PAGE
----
New York – The suspected murder of an I-Kiribati fisheries observer in March of this year demands UN intervention to ensure effective and thorough investigation, according to a formal complaint by Greenpeace USA and the Association for Professional Observers (APO).
The complaint, submitted on behalf of the family of the deceased fisheries observer Eritara Aati Kaierua, and addressed to the newly appointed UN Special Rapporteur on the Situation of Human Rights Defenders, Mary Lawlor, asks to ensure observers are protected and those responsible for the death of Kaierua are held accountable.
“Fishery observers protect the needs of vulnerable communities and defend our human right to a healthy environment. Yet companies, governments, and multilateral organizations continue to fail to protect them from intimidation, abuse, and death. Greenpeace USA calls on the UN Special Rapporteur, Mary Lawlor, to intervene in the case of Eritara Aati Kaierua to ensure that the investigation meets international legal standards, and the family of Kaierua receive full and effective remedies from all responsible parties,” says Andy Shen, Senior Oceans Adviser at Greenpeace USA.
On March 3, 2020, crewmembers reported Kaierua’s death to the Fisheries Agency of Taiwan during his work assignment on the Win Far No.636, a Taiwanese-flagged tuna purse seining vessel owned by Kuo Hsiung Fishery. According to public records, the Win Far No.636 is a key supplier to Taiwan’s FCF Co, Ltd. (FCF), one of the top three tuna traders in the world. FCF, the parent company of major US canned tuna brand Bumble Bee Foods, has previously been linked to companies that have allegedly perpetrated egregious human rights abuses. In response, FCF said they are awaiting the outcome of the official investigation before further commenting on the Win Far No.636 case.
Kaieruai was employed through a regional observer programme of the Western and Central Pacific Fisheries Commission (WCPFC), a Regional Fisheries Management Organization (RFMO). According to the WCPFC, observers have reported multiple occasions of both intimidation and crew requests to not report events. Globally, only four of the 17 RFMOs, including WCPFC, have any protocol for an observer death or disappearance.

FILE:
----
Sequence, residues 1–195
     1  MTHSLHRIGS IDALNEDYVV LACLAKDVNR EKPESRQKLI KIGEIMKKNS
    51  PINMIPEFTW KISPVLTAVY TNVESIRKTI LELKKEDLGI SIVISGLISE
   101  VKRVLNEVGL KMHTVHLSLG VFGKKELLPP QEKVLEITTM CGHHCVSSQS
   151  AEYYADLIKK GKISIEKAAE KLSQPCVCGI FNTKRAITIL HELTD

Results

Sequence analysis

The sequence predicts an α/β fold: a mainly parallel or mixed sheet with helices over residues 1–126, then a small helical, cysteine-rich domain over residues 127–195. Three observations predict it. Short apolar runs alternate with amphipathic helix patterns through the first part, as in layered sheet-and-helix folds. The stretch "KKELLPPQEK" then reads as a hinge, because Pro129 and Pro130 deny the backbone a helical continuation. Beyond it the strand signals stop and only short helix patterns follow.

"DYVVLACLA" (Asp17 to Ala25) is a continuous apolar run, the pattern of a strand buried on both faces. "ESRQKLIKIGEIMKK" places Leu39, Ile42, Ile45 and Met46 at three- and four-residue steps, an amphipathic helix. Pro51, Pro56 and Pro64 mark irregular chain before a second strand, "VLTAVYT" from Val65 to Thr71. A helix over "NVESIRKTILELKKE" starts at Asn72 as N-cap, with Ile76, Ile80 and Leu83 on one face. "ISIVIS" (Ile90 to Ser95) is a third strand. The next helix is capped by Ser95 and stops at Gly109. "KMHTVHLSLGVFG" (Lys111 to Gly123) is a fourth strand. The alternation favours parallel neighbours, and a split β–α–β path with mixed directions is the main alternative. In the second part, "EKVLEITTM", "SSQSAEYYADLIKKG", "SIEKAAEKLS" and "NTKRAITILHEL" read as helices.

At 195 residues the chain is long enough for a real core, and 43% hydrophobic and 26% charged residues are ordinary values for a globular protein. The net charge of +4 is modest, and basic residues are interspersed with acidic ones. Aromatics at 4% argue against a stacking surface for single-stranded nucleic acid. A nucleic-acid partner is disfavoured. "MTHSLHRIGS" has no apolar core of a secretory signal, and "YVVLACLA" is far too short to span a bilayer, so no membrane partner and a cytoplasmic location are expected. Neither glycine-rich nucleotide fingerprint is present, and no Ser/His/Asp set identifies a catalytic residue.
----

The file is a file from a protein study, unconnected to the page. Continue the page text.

“There have been at least 14 fishery observer deaths in the last decade, but not a single legitimate investigation. On paper the WCPFC appears to protect observers, but the reality is that they are still dying and disappearing. Flag States’ lack of compliance, and the RFMOs’ lack of enforcement and lack of transparency also contribute to impunity. Tragically, the families of these observers suffer from lack of remedy at the hands of regional authorities,” says Elizabeth Mitchell, Executive Director at Association for Professional Observers.
Greenpeace USA and APO further call on the Special Rapporteur to advocate that RFMOs incorporate in their regulations that States comply with international standards on investigations of potentially unlawful deaths. Non-compliance should result in a determination that working aboard fishing vessels flagged to such State is unsafe and end their eligibility for the RFMO’s regional observer programme.
Photos available here
Copy of complaint to the UN is available on request.
Notes to Editor
 Fisheries observers are professional human rights defenders who protect the right to a healthy environment by providing oversight onboard distant water fishing fleets, and helping ensure sustainable catch levels and compliance for conservation measures.
 According to information provided to Kaierua’s family by the police and a coroner, Kaierua was found lying on the floor of his cabin with blood spurted across his face and food over his chest and neck. The family was also told there was bruising on his chest and neck and the likely cause of death was a severe blow to the top of the head that resulted in a traumatic brain injury.
 See also Misery at Sea report by Greenpeace East Asia.
 Observer Casualties, Injuries, and Near Misses
 Greenpeace USA and APO advocate for RFMO member States to comply with the best practices contained in the 2016 Minnesota Protocol on the Investigation of Potentially Unlawful Death. Such policies must be assessed by RFMOs and the consequence of non-compliance by State parties should be expulsion from the RFMO regional observer program that employed the killed or disappeared observer.
Tyler Kruse: Senior Communications Specialist at Greenpeace USA, +1 (808) 741-2791, [email protected]
Shuk-Wah Chung: Communications Lead, global fisheries campaign with Greenpeace Southeast Asia, (+61) 405 698 690, [email protected]
Elizabeth Mitchell: Executive Director, Association for Professional Observers, +1 (541) 515-3716, [email protected]
Greenpeace International Press Desk: [email protected], +31 (0) 20 718 2470 (available 24 hours)
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